Under Fire

January 19, 2010

I decided a few days ago to start writing out my thoughts on a more regular basis and publishing them online.  I have been hesitant to do this in the past because I know that whatever I write will be open for criticism and can be looked at under the microscope by different people.  If you are going to post things for the world to see you should at the very least be responsible with what you post.  Most of all, I wasn’t sure I had the time to give to it.

As a student pastor working with teens, I already, have to make sure what I say and teach lines up with the teachings from the Bible and not just a good thought or my own personal opinion about a subject.   In a world that loves a subjective truth and moral relativism the truth is so easily lost in the endless voices of anyone who can blog and post to the internet.  If anything I think the online posts will cause me to strive to give my best and  make sure I have an eye for the details.  

At first, truth can be hard to swallow, and is often met with excuses and ignored by many people.  We all tend to get a little defensive when we are brought under the microscope or examined closely.  In the end, it is like the much needed medicine that can cure us from our aliment of sin and, we are glad we recieved it.  I see this all the time from students who want to justify the way they live their lifes against the truth of God’s word.  In the end it always comes back to bit them, no matter how many times they deny or ignore it. 

Why am I doing this?  My aim to try to represent the one true God of the Bible that I love and serve by presenting a world-view of the events that will unfold around me in my world.  I’m not looking for fame or a following, just a opportunity to represent Jesus in a Biblical way to a world that needs a savior.   I see so many examples of people who call themselves Christians or disciples of Christ, but when they open their mouths, type on the social networking pages, or live out their life in ways that are so contrary to the Bible and the way Jesus lived.  I just want to announce in a loud voice “That’s not God!”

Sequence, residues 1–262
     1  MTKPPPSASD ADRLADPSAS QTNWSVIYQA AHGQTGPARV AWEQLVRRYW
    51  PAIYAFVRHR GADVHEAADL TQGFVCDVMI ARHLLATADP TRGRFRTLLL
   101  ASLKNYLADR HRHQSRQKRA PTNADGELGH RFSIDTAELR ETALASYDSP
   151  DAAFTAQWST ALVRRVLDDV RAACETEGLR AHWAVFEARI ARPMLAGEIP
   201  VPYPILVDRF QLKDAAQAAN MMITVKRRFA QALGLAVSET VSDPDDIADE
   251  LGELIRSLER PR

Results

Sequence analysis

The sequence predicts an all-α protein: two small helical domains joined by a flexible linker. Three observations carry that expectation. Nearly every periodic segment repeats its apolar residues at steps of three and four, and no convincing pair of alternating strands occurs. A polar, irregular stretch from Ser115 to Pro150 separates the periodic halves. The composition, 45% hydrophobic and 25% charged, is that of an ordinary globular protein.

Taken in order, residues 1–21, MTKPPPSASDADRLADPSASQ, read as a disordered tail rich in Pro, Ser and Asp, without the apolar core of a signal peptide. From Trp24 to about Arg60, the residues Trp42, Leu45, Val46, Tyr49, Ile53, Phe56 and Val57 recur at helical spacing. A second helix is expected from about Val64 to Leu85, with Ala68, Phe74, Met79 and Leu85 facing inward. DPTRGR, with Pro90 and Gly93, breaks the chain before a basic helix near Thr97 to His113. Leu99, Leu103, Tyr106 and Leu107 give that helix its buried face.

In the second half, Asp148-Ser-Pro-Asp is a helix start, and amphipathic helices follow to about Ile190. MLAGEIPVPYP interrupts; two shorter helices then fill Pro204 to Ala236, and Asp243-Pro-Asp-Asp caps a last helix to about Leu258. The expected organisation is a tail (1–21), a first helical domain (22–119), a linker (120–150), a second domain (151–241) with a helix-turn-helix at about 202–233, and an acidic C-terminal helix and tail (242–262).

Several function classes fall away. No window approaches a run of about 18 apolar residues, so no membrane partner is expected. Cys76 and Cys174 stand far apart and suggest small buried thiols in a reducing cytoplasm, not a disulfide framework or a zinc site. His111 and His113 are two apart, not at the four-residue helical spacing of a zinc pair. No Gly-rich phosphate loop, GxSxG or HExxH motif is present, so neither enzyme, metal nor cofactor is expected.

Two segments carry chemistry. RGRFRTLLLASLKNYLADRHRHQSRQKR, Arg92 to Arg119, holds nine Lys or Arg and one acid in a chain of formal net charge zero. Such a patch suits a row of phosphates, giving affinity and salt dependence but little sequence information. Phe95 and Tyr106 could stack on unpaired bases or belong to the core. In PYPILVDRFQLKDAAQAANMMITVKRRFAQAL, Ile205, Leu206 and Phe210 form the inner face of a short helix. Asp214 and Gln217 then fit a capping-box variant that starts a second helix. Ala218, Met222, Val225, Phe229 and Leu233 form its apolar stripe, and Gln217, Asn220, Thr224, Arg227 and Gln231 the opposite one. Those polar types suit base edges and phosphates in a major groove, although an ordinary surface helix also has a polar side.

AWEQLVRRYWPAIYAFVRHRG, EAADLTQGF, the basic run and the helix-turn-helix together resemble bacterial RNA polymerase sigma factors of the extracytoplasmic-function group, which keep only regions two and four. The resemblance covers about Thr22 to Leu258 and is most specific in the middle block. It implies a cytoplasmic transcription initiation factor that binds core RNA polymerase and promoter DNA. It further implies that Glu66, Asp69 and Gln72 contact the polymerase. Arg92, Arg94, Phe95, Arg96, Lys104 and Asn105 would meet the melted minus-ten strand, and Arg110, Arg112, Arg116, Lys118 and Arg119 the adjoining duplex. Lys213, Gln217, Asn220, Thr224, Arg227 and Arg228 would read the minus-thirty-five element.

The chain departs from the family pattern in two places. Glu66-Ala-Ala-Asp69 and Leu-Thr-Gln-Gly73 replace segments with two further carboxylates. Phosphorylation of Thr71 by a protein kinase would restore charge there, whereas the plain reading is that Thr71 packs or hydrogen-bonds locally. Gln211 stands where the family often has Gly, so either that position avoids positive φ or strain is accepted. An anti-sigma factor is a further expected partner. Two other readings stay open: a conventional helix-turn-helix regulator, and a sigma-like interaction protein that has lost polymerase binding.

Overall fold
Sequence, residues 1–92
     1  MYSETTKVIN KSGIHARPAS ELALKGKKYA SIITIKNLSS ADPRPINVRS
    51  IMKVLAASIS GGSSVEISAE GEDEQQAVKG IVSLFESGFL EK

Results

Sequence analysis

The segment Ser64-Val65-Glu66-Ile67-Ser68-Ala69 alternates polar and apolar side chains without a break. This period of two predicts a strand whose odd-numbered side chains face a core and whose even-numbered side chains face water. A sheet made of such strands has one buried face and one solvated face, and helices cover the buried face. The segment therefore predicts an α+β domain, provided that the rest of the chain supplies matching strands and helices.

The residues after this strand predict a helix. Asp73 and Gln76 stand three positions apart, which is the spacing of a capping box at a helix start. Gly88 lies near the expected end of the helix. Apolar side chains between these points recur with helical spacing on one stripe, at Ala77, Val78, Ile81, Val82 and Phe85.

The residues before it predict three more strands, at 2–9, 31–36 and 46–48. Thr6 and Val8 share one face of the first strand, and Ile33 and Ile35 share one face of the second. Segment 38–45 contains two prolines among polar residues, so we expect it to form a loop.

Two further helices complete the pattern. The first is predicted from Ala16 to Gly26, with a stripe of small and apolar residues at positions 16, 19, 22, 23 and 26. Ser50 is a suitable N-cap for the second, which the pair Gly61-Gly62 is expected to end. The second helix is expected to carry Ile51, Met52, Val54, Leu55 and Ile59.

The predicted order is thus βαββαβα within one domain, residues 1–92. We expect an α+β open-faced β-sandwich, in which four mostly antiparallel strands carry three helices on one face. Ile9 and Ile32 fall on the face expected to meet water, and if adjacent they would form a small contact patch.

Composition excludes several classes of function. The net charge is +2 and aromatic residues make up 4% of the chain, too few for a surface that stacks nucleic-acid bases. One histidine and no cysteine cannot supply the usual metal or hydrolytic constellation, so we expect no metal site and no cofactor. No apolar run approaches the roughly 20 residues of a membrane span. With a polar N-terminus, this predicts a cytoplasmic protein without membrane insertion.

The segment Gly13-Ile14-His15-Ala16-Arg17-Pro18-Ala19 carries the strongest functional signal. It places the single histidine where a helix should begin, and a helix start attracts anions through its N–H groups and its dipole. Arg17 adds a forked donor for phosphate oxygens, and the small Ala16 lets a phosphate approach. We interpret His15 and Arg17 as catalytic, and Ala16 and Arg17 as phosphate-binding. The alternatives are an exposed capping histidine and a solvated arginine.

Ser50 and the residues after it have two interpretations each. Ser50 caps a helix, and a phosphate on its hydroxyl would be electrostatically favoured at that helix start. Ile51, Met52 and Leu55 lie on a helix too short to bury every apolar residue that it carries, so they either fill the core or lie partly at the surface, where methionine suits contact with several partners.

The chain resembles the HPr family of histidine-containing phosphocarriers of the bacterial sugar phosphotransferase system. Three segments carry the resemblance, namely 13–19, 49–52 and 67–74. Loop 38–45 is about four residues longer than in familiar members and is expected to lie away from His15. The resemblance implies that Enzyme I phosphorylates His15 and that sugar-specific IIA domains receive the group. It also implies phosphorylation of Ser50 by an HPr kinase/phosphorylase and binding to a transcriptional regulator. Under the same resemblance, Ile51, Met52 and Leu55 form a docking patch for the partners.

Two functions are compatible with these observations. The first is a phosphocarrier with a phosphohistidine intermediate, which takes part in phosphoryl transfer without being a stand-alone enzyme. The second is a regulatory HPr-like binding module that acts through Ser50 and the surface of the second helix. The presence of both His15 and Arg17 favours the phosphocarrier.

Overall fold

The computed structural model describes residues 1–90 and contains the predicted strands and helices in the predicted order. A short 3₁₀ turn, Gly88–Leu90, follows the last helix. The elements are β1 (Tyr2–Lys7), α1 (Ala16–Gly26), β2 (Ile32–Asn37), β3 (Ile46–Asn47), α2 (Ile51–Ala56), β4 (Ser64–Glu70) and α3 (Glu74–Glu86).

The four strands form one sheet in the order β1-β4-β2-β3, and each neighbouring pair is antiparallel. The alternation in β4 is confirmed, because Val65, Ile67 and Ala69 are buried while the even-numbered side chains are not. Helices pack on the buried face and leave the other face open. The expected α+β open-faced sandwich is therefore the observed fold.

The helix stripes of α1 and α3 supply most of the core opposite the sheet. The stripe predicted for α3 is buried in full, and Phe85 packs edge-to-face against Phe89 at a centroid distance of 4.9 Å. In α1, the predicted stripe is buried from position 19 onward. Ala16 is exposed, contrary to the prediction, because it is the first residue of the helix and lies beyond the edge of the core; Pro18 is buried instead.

Realizing that NO ONE is perfect and we will all fall short of God’s purpose and plan for us (Romans 3:23) I want to make sure that you know that I am no better than the next disciple of Jesus, giving my best for him, is still not good enough.  There are 2 kinds of followers of Jesus I believe ones that try to live their life the way God intended, learning more and more as they grow in their faith and then the other group of Christians who know the differences between right and wrong and they continue to disobey God’s desire for their life, ignoring conviction of the Holy Spirit.  I’ve been both kinds of these and I have to constantly guard myself from slipping back into the second type EVERYDAY.  Perhaps this blog will help hold me accountable to live like the first kind of follower of Christ.

We know that people look at us and judge us, right or wrong, everyday.  It’s so important to live the kind of life that best represents a correct life-picture of what the Bible says and how Jesus lived his life.   Looking at Christ not each other is the key of course, but when is the last time you saw Jesus, physically I mean, and how many people are just running to pick up the Bible and read it to discern the truth for themselves these days.  We rather read about vampires and other more interesting things, not that those are inherently bad or evil.  That leads to the importance of us as believers to live out in front of others the most correct interpretation of the Bible and Jesus that we can. 

So go ahead and let the fun begin and if you read anything you want to comment on please feel free to do so.  I’ll be glad to read your thoughts on the subject also.  I now consider myself “under fire.”  Anything I post is fair game.